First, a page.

Chillingworth, William, an eminent English divine and controvertist, was born at Oxford, October, 1602. (The following account of him is modified from an article in the English Cyclopaedia, which is based on the Biographia Britannica.) In 1618 he was a scholar, and in 1628 a fellow, of Trinity College in that University. Some curious memoirs of him are preserved by Anth. Wood ("Athen. Oxon." 100:20), who says "he would often walk in the college grove, and dispute with any scholar he met, purposely to facilitate and make the way of wrangling common with him, which was a fashion used in those days, especially among the disputing theologists, or those who set themselves apart purposely for divinity." The comparative merits of the English and Romish churches were at that time a subject of zealous and incessant disputation among the University students, and several learned Jesuits succeeded in making distinguished proselytes among the Protestant clergy and nobility. . Chillingworth, being an able disputant, was singled out by the famous Jesuit Fisher, alias Johannes Perseus (Biblioth. Soc. Jesu), by whom he was convinced of the necessity for an infallible living "Rule of Faith." On this he at once adopted the Roman Catholic system, wrote out his reasons for abjuring Protestantism, and joined the Jesuits in their college at Douay. After the lapse of a few months, the arguments addressed to him by his godfather Laud, then bishop of London, induced him to abandon his new faith, and he returned to Oxford in 1631; where he passed about four years in reconsidering the Protestant tenets. The reading of Daille on the Right Use of the Fathers is said to have finally determined him.
In 1635 he published his great work, The Religion of Protestants, a safe Way to Salvation. It passed through two editions in less than five months. The principle of Chillingworth is that the volume of Divine Scriptures, ascertained to be such by the ordinary rules of historical and critical investigation, is to be considered the sole authority of Christians, to the utter exclusion of ecclesiastical tradition. The Jesuit Knott, alias Matthias Wilson (Biblioth. Patrumn Soc. Jesu, p. 185), contended that he "destroyed the nature of faith by resolving it into reason." Cheynell (q.v.) also opposed Chillingworth from the Puritan side. Chillingworth in the mean time, unable to approve every statement in the thirty-nine Articles, refused to accept any preferment in the Church. "However, in a very short time he was persuaded by the arguments of Sheldon and Laud that peace and union are the real object of subscription, not belief or assent — a doctrine held by Archbishop Sancroft and many other eminent divines. Accordingly he accepted the chancellorship of Salisbury, with the prebend of Brixworth, Northamptonshire, annexed. Chillingworth, in 1640, was deputed by the chapter of Salisbury as their proctor to the Convocation in London. He was attached very zealously to the royal party, and wrote a treatise (unpublished) on The Unlawfulness of resisting the lauful Prince, although most impious, tyrannical, and idolatrous." Being present in the army of Charles I at the siege of Gloucester, August, 1643, he acted as engineer, and devised the construction of engines, in imitation of the Roman "testudines cum pluteis," to assault the rebels and take the city by storm. Having accompanied the king's forces under Lord Hopton to Arundel Castle, he was there, with his comrades, taken prisoner by the Parliament army under Sir William Waller, and falling ill, he was thence conveyed to the bishop's palace at Chichester, where he died, and was buried in January, 1644. (The precise day is not ascertained, but it was probably January 30.) Dr. Cheynell, then rector of Petworth, who had shown Chillingworth great kindness during his illness, appeared at the grave, with the work of Chillingworth (Religios of Protestants) in his hand, and, after an admonitory oration on the dangerous tendency of its rationalism, he flung it into the grave, exclaiming, "Get thee gone, thou cursed book, which has seduced so many precious souls; get thee gone, thou corrupt, rotten book, earth to earth, dust to dust — go rot with thy author!" SEE CHEYNELL.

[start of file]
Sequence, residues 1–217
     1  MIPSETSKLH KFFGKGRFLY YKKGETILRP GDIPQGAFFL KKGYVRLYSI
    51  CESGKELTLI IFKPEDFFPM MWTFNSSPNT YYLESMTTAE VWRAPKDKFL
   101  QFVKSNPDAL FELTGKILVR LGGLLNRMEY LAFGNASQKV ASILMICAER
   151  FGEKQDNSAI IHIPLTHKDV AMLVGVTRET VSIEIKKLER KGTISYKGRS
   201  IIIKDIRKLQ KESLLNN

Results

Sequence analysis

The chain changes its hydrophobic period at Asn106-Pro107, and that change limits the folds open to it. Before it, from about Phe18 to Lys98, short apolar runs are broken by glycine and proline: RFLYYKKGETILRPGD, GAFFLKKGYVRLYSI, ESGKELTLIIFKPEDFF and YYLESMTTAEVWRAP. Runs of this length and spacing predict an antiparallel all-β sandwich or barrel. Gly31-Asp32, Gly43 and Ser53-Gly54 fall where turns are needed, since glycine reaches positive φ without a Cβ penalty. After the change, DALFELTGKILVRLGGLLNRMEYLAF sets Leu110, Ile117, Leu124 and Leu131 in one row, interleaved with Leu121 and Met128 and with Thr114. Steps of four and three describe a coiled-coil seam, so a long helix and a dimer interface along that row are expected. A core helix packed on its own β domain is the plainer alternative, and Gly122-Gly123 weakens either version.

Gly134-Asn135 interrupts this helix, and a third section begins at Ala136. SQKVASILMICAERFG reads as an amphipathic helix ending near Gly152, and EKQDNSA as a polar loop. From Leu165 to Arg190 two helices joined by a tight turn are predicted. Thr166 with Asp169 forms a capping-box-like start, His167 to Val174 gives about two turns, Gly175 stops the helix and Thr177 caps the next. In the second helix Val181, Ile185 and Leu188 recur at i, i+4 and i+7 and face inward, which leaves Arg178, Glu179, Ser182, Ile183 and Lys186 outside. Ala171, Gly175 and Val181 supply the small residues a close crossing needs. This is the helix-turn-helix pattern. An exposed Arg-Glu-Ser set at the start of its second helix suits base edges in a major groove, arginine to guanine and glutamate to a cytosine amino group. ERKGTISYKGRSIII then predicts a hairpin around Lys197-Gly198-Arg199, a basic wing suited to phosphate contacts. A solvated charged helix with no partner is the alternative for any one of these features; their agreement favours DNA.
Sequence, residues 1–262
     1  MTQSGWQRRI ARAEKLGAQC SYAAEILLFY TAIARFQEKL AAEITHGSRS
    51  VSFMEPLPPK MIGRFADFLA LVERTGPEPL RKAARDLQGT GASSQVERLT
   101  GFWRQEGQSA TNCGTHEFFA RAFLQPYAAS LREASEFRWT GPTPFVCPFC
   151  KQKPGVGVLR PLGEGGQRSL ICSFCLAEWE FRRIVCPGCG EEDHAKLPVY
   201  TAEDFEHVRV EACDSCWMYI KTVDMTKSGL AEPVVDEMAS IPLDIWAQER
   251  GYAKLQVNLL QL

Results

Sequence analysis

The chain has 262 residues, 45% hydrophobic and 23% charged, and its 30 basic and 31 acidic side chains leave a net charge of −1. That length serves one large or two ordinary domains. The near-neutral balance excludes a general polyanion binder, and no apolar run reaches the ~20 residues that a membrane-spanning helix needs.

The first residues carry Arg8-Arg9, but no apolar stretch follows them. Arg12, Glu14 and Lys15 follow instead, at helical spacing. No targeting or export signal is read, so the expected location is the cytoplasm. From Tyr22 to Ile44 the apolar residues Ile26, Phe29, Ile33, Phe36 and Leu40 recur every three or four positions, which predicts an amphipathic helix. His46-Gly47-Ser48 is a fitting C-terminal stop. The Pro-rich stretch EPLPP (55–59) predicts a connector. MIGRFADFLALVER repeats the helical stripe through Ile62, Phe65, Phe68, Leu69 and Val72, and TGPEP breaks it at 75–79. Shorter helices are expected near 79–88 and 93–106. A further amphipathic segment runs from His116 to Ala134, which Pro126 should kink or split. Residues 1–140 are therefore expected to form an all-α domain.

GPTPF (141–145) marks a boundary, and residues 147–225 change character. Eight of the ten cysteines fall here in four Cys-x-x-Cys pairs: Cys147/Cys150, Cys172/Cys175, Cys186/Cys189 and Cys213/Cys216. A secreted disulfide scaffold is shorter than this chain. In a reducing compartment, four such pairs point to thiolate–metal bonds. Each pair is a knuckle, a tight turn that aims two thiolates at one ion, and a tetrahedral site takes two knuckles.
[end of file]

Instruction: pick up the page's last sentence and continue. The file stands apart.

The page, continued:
The result of his remarkable proficiency in "wrangling" is stated by his friend Lord Clarendon (History of the Rebellion) to have been that "Chillingworth had contracted such an irresolution and habit of doubting, that at last he was confident of nothing." Tillotson styled him "the imcomparable Chillingworth;" and Locke says (on "Education"), "If you would have your son to reason well, let him read Chillingworth;" and again (on "Study"), "For attaining right reasoning I propose the constant reading of Chillingworth; for this purpose he deserves to be read over and over again;" but Anth. Wood's opinion is not outdone by any, for he declares that "Chillingworth had such extraordinary clear reason that, if the great Turk or the devil could be converted, he was able to do it." In theology he is classed with the "Latitudinarians" (q.v.). The best edition of The Religion of Protestants is that in fol. 1742, with sermons, etc., and a life of the author by Dr. Birch. It has been often reprinted. — Des Maizeaux, Life of Chillingworth (1725, 8vo); Kippis, Biographia Britannica, in, 508 sq.; Hook, Ecclesiastes Biography, 4:1. The best modern edition of his works is that of Oxford, 1838 (3 vols. 8vo). There is also a cheap American edition (8vo), with Life by Birch (Philadelphia, 1848).